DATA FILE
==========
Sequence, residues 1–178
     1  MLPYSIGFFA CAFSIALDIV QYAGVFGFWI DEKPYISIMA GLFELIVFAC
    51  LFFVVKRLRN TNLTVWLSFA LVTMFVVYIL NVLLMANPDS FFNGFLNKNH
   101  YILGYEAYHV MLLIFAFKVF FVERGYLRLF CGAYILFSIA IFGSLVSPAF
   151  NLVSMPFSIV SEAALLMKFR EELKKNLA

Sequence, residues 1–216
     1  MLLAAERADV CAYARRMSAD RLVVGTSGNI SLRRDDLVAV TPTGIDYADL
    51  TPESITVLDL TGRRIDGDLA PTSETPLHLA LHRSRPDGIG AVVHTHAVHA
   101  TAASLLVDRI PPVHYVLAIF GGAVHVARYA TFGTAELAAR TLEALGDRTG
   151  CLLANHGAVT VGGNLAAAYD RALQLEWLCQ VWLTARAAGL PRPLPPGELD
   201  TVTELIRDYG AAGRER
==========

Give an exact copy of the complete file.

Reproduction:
Sequence, residues 1–178
     1  MLPYSIGFFA CAFSIALDIV QYAGVFGFWI DEKPYISIMA GLFELIVFAC
    51  LFFVVKRLRN TNLTVWLSFA LVTMFVVYIL NVLLMANPDS FFNGFLNKNH
   101  YILGYEAYHV MLLIFAFKVF FVERGYLRLF CGAYILFSIA IFGSLVSPAF
   151  NLVSMPFSIV SEAALLMKFR EELKKNLA

Sequence, residues 1–216
     1  MLLAAERADV CAYARRMSAD RLVVGTSGNI SLRRDDLVAV TPTGIDYADL
    51  TPESITVLDL TGRRIDGDLA PTSETPLHLA LHRSRPDGIG AVVHTHAVHA
   101  TAASLLVDRI PPVHYVLAIF GGAVHVARYA TFGTAELAAR TLEALGDRTG
   151  CLLANHGAVT VGGNLAAAYD RALQLEWLCQ VWLTARAAGL PRPLPPGELD
   201  TVTELIRDYG AAGRER